Greek Life makes gains in philanthropy, sees room for expansion
Published: Tuesday, January 28, 2014
Updated: Tuesday, January 28, 2014 17:01
Since their founding, Greek Life institutions have made commitments to philanthropy a key part of their philosophy. In more recent years, however, sororities and fraternities have gained reputations across the country for being more focused on social engagements than on philanthropy.
“Sometimes there are misconceptions on what Greek Life does in terms of philanthropy,” Amelia Cohen, a senior and member of the sorority Alpha Omicron Pi (AOII), said. “One of the first things I noticed when I joined AOII was how excited everyone was about philanthropy. Service is a core value, and everyone takes that really seriously. It is something that the whole chapter admires, and [is] very important in the development of [our] lives.”
AOII as a national organization supports charities for arthritis and the Tufts chapter of AOII chose specifically to support the American Juvenile Arthritis Organization.
Another sorority at Tufts, Alpha Phi, donates their philanthropic proceeds to the Alpha Phi Foundation, which supports programs for women that include leadership training, scholarships and research for women’s heart health, according to their website.
“Philanthropy is a huge part of any sorority and a main pillar of what it means to be in Alpha Phi,” sophomore member of Alpha Phi Christina Kuklinski said. “Philanthropy is one thing that stands as common ground between all the sororities and unites us.”
According to Kuklinski, last semester alone Alpha Phi raised over $13,000 for the Alpha Phi Foundation. They sponsored events such as a Saks Fifth Avenue trunk show, in which the store previewed their new clothing line for Tufts students to buy and also hosted a silent auction called Bid Your Heart Out.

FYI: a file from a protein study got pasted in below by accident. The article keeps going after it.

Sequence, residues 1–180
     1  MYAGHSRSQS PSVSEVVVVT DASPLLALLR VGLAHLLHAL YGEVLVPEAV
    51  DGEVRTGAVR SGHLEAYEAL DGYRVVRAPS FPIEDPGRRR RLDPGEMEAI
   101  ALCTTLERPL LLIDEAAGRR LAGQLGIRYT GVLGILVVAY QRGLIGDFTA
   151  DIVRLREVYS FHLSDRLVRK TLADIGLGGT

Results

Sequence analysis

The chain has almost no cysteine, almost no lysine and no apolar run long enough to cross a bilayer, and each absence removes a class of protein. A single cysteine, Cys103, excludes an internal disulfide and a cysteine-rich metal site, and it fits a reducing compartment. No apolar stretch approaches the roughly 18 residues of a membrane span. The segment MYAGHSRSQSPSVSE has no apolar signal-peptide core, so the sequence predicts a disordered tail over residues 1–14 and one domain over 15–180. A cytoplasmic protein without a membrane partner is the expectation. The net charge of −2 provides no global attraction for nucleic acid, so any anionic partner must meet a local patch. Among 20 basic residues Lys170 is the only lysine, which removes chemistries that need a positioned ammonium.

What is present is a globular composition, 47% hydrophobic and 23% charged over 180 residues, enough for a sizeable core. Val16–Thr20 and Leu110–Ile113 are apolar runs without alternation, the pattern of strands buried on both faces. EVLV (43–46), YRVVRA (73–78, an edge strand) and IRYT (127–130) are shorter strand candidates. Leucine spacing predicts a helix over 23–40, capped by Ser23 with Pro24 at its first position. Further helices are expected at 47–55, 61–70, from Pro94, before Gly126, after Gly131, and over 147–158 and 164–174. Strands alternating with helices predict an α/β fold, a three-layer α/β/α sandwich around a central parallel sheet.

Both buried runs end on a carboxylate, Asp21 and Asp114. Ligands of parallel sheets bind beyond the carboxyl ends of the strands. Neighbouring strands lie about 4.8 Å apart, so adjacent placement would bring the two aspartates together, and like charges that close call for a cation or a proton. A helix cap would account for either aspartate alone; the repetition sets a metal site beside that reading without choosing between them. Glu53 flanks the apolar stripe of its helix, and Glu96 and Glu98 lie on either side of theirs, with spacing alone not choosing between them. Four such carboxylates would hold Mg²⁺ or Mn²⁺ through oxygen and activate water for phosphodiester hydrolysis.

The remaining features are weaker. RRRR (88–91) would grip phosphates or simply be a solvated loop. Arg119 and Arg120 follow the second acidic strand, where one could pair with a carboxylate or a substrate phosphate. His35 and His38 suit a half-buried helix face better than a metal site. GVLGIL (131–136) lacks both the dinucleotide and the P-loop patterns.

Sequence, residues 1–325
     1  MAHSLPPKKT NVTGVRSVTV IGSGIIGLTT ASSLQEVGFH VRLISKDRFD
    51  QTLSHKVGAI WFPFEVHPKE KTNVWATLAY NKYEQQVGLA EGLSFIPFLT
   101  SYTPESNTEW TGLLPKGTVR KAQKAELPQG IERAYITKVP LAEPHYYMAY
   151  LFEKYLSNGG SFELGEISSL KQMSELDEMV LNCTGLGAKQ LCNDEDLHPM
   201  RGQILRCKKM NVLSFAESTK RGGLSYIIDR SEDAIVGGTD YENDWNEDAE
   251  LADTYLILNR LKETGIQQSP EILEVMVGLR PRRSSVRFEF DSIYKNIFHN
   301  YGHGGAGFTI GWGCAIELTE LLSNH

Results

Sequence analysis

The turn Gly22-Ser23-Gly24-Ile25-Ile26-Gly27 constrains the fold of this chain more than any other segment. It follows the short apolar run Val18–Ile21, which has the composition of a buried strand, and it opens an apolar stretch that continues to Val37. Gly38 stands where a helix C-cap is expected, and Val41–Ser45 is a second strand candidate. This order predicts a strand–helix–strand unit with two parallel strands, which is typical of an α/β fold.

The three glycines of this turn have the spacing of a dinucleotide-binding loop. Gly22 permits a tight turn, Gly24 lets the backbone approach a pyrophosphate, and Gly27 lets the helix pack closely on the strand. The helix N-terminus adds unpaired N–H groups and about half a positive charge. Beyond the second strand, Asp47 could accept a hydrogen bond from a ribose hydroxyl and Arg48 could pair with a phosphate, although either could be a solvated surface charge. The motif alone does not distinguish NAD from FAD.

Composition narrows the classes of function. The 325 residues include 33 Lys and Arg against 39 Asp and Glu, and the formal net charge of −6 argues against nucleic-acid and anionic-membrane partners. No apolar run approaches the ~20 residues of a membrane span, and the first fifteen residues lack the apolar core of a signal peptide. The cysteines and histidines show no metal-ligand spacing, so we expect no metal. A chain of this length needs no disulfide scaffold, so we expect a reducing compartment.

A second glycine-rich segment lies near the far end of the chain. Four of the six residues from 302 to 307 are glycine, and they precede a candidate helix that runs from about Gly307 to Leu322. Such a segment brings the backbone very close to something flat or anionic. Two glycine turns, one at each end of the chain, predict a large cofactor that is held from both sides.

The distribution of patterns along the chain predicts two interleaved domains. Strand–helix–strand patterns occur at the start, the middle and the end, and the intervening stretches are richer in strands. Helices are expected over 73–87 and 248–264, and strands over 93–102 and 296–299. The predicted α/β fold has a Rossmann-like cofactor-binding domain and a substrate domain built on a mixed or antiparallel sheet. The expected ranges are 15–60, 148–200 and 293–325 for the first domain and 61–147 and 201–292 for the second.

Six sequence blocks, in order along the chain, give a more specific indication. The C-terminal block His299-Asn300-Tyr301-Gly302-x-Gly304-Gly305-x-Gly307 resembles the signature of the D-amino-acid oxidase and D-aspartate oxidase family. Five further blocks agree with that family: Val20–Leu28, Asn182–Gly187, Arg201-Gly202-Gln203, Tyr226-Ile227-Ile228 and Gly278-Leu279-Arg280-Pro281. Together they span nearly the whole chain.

Montane Silverman, a sophomore and the previous philanthropy chair for Delta Tau Delta (DTD), told the Daily in an email that DTD raised over $8000 for their participation in the event Light the Night for the Leukemia and Lymphoma Society (LLS).
Light the Night, an annual walk to raise funds for LLS, took place last October at the Boston Common. DTD was joined by the greater Boston community and helped to raise over $1.4 million from the event.
For this accomplishment, DTD won LLS’s 2013 College Challenge for most money raised for the foundation. The choice to donate to LLS was a personal one for many of the brothers, according to junior Peter Estes, co-philanthropy chair for DTD.
“LLS was a natural rallying point for the brotherhood, as we all wanted to support our former chapter President and ... my good friend Matt Roy as he battles leukemia,” said Estes. “The event itself is a powerful moment of solidarity that has quickly become very meaningful to our brotherhood.”
The Tufts Chi Omega chapter concentrates their efforts on the Make-A-Wish Foundation, which was chosen by the national sorority in 2002 as their official philanthropy.
According to Chi Omega president and current Daily Features editor Shannon Vavra, the Chi Omega chapter at Tufts raised nearly $6,000 in 2013 for Make-A-Wish.
Chi Omega initially raised $3,460 from their Dishes for Wishes event in the spring of 2013, according to Vavra. Later, in the fall of 2013, the sorority raised $2,232 through their Wing Fling event, a wing-eating competition where students purchased tickets to participate.
For Wing Fling, Chi Omega used their budget of $1000 and received $300 from the Inter-Greek Council, according to sophomore Maddy Kenler, last semester’s philanthropy co-chair for Chi Omega. Wings over Arlington donated all the wings for the competition, held in Carzo Cage, which alleviated much of the cost and allowed the sorority to maximize the proceeds going to Make-A-Wish.
The Inter-Greek Council, a recognized Tufts Community Union Senate organization, gives each chapter $500 to make philanthropy a larger focus of Tufts Greek Life, according to Cohen.
However, Ece Kocak, last semester’s co-philanthropy chair for Chi Omega, expressed that it is often difficult to compete with the philanthropy work of larger schools in the area, like Boston University and Northeastern University, because of Tufts’ small size.